Meanwhile: hysteria on the right about a site at bloodyidiot.co.nz which, in the spirit of the Tui ad parodies, declares that "If You Vote Don Brash, You're a Bloody Idiot", (screenshot here), makes the coinage "George W. Brash", etc. I didn't think the site was so great, and my strong preference is for anyone posting this kind of speech (or almost any political speech for that matter) to identify themselves. A quick whois showed the domain name is registered to Tom Hovey, who works for Wellington development and hosting company Boost New Media.

The site turned up in a post at Just Left. Then there was a furious post from Aaron Bhatnagar (who has, it should be noted, had the good grace to post his own "attack ads" under his own name).

Hovey contacted Bhatnagar to say that he didn't build the site, "But I do know the group of people behind the site and have asked them to take it down in light of the recent negative publicity from sites such as yours. They're very disappointed and have protested strongly!"

Then this one from Sir Humphreys darkly noting that Boost (like every other web shop in Wellington, actually) does public sector work and listing the agencies for which it has worked. Then another one, based on fevered scrutiny of the page code. And there's another vigorous thread on DPF's site.

What I find funny is that the loudest howls of outrage are coming from people who have variously compared Helen Clark to Stalin and Nixon, and called her "butt ugly" and an "ugly bitch" - usually under made-up names. It seems a little rich. I also find the suggestions that the company Hovey works for should resign all its public-sector contracts pretty creepy.

NB: Mr Hovey has posted a set of answers to the various fevered conspiracy theories. Storm. In. A. Teacup.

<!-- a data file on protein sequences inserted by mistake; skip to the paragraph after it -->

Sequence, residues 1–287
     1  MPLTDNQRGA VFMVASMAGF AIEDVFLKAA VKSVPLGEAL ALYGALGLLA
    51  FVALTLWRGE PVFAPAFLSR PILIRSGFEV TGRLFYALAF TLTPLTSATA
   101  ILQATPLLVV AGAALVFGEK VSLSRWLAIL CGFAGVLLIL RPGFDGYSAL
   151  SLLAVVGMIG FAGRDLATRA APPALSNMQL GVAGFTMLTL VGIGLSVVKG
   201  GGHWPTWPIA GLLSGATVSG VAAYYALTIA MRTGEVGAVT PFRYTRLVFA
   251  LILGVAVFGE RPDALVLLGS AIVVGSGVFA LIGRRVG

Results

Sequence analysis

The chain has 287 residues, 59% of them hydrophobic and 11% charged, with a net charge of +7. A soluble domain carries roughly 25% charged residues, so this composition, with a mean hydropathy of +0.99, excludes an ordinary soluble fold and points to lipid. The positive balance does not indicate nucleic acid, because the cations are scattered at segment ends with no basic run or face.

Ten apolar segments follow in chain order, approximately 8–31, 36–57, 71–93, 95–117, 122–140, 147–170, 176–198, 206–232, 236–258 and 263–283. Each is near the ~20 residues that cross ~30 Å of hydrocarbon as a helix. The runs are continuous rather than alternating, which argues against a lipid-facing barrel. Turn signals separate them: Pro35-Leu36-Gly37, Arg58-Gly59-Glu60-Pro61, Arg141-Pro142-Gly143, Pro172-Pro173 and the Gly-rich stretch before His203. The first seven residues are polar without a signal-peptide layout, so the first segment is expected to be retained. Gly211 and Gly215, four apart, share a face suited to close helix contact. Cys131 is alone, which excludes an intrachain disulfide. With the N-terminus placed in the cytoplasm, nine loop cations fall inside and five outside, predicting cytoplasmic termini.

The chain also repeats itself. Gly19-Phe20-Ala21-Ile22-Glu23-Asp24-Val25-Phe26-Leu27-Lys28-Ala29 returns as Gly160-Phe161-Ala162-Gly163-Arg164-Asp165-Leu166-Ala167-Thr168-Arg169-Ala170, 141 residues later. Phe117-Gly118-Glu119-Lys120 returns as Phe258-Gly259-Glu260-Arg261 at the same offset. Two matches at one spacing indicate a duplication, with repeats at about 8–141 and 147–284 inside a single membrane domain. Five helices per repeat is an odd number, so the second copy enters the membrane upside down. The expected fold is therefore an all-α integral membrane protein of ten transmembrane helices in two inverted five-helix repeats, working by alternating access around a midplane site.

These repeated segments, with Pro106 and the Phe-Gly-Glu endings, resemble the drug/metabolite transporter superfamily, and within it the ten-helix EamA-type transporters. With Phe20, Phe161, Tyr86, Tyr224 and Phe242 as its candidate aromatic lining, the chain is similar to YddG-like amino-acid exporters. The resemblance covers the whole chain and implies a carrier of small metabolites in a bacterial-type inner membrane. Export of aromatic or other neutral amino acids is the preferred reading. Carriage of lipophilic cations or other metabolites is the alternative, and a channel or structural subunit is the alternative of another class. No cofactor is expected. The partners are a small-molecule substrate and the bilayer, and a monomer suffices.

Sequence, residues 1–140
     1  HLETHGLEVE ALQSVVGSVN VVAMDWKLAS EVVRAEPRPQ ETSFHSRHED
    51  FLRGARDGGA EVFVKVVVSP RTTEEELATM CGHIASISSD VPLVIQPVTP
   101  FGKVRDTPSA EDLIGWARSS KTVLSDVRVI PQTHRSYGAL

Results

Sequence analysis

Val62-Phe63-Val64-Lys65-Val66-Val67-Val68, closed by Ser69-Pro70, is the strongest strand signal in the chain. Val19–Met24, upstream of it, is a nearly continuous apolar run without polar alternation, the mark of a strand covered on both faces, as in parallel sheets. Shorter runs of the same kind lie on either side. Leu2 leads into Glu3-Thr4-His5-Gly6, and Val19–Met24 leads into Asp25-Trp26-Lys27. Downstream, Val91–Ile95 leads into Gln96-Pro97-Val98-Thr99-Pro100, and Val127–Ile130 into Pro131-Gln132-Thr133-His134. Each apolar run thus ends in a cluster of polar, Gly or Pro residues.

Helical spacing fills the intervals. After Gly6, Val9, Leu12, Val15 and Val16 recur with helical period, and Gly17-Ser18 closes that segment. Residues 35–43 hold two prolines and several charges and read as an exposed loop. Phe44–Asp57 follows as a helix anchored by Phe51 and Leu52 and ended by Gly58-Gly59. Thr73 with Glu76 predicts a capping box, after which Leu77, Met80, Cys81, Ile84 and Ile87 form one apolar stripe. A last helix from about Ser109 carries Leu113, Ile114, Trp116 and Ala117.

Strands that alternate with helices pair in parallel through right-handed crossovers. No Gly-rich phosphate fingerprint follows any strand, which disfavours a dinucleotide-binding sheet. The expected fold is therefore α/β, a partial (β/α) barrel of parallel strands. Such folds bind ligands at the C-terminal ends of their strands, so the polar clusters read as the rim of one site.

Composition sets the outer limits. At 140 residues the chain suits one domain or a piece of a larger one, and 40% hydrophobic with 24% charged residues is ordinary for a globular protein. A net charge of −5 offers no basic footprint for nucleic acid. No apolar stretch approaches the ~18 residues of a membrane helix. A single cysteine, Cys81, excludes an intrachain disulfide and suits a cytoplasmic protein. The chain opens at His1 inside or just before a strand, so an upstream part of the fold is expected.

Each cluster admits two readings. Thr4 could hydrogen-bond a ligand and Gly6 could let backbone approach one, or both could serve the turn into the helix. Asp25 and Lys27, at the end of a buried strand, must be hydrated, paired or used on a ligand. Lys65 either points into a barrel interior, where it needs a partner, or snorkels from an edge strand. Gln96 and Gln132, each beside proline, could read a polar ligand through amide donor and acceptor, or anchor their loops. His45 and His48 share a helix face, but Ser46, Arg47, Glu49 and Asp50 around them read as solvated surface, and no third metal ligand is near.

But 'tis the season for advocacy, and with a little luck you'll see the following Google ad over to the right of this page:

Election 05 - be informed
Know what your voting for? Compare policy and candidates

The NZvotes site is, curiously enough, brought to us by that staunch defender of educational standards, the Maxim Institute … The site itself is being promoted as "a community service" and "non-profit, and non-partisan. All political content on this site is the views of the parties, candidates, and guest columnists, in their own words." The selection of those words is interesting, but oh well, carry on …

Meanwhile, further speculation as to the extent to which students might abuse an interest-free student loans system. Am I the only one who objects a little to the characterisation of such students, who might take money they don't need (at the maximum $150 a week) and use it for purposes other than their education, thus potentially wrecking the system for their peers who do need it, as "smart" and "entrepreneurial"? Entrepreneurialism is the admirable practice of combining resources in an innovative fashion and creating wealth. I'm not sure if ripping off the taxpayer counts.

And, finally, Children's Hour played on Friday night to a packed house and it was great. Really great, as in exceeding all expectations. For me, dare I say it, it topped the year's other big revival show, the Straitjacket Fits show. (As my mate Nat quoth after they'd roared through 'Looking for the Sun', "Well, if that didn't take you to the wall …")

But a correction is due to the YFC story in Friday's post. Although I'm not the only one who remembers it that way, it wasn't Ian Grant who served the letter on Jonny Ogilvie 20-odd years ago, but Brian McStay the then chair of Auckland Youth for Christ. Ian Grant was prominent in protests against the group and its name (and still believes they stood against "everything good in society"), but he didn't serve the letter at the Windsor Castle. Ian emailed to set me right (he did grant that Mr McStay looked similar enough to have been mistaken for him "if you weren't really thinking it through"), and I've annotated the original post accordingly. Apologies for the mix-up.

PS: You may notice that your protests about Orange Election Man have borne fruit. He only wobbles for a few seconds now, rather than on into infinity ...